It would be easy to overlook Better Managers Do Better Business. Without the help of an author biography on the back cover, readers may turn away because they have no idea what credentials Orrie Baragwanath holds. In fact, a Google search shows that Baragwanath is a lecturer, business owner and management consultant based in South Africa who has been around for three decades. His book is a response to a request from his son, Kerry John, who has a master’s degree in business management and obviously wanted to learn from his father.
To ignore Better Managers Do Better Business would be a shame, as it is clear and well-organized, with many practical checklists and nuggets of advice for managers or would-be managers. Each chapter begins with a letter from the author to Kerry John about a particular aspect of management. Despite the unusual format, readers can easily locate a specific topic or concept in the Table of Contents, which proves extremely useful.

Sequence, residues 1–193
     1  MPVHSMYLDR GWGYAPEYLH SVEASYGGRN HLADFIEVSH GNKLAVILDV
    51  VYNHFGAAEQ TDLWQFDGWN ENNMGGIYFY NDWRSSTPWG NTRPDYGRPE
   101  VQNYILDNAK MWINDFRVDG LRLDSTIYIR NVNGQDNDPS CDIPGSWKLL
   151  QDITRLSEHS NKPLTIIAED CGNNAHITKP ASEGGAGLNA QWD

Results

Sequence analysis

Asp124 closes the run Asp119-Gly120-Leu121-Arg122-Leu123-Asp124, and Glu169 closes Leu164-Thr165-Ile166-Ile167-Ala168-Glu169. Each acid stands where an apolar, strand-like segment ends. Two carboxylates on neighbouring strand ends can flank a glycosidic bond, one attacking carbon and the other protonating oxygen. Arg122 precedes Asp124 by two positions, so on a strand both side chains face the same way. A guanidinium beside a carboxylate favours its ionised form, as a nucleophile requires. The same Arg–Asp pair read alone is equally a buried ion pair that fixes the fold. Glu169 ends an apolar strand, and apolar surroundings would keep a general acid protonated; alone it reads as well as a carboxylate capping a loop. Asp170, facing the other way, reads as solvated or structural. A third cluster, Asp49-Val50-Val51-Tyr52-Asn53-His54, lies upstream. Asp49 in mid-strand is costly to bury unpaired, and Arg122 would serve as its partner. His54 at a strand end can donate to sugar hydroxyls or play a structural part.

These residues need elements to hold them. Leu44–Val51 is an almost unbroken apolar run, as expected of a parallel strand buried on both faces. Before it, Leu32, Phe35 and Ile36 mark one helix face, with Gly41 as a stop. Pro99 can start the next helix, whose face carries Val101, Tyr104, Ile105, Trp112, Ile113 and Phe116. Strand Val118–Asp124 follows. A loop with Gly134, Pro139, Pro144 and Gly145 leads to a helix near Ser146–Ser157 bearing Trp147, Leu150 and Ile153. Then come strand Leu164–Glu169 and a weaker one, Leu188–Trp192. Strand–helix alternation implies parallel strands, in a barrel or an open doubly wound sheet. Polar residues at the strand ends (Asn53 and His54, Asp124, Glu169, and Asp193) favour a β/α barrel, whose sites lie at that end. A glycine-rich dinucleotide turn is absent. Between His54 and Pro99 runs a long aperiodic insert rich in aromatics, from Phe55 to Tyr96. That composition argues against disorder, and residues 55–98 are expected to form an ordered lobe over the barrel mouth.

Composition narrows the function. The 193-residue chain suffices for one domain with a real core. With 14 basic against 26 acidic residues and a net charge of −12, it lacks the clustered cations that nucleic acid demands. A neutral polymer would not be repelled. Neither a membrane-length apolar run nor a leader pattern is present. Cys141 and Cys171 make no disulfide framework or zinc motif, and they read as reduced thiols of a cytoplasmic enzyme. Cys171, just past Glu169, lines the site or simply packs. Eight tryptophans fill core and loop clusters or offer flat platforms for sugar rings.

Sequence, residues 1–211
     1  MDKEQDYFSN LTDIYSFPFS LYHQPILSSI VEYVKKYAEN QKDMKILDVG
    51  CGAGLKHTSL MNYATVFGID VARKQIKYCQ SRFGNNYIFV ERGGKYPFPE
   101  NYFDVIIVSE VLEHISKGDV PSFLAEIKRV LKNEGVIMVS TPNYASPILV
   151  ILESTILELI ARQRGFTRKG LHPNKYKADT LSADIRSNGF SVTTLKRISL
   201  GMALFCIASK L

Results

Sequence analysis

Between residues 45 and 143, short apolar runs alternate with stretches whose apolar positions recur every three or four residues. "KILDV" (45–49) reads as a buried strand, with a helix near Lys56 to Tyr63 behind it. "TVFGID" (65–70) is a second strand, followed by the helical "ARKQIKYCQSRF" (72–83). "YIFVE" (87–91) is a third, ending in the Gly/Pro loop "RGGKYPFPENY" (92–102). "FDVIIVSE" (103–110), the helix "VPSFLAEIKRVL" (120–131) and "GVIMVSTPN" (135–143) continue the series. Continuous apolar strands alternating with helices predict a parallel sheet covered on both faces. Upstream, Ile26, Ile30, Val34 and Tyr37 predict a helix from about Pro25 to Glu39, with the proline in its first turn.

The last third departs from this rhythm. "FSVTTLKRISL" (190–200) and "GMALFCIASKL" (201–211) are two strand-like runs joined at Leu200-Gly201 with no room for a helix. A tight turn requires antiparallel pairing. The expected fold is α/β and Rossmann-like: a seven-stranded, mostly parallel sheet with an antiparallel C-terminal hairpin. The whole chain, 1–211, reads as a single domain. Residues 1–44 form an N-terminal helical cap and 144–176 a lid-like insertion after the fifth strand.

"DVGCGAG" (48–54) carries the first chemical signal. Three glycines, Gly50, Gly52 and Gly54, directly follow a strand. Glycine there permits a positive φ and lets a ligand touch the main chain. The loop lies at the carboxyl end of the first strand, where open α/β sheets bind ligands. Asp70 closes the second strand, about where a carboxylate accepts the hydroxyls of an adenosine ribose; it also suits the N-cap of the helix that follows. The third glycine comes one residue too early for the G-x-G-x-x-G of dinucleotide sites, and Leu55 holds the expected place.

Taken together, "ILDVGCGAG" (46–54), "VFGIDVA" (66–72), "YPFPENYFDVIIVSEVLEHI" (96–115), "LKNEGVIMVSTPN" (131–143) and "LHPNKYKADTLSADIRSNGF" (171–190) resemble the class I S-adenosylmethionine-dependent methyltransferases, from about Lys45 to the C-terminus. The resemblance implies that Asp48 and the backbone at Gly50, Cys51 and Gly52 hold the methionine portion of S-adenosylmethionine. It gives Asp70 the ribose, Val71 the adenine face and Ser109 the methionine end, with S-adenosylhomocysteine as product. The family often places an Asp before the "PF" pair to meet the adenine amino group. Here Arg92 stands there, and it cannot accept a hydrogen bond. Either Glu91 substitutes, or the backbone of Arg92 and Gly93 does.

The first of two sections discusses the various kinds of managers – dubbed “Assertive, Controllers,” “Punitive Controllers,” “Oh Shame Types” and “Share Types.” While the first three represent various permutations of inept and less effective managers, the “Share Type” signifies the gold standard to which readers can aspire. As the author often points out, someone can be a wonderful person but an ineffective manager; it’s important to recognize the difference, especially in business.
The book’s second part provides helpful, detailed information on such areas as delegation, participative management, and motivation. A test at the end allows readers to evaluate their own management styles.
Although the narrative is sometimes overwritten – many lengthy anecdotes may lose reader interest after the first paragraph or so, and the author spends far too much time defining management types – this tome is worth a place on a manager’s shelf. And those new to or learning about management would do well to give it more than a passing glance.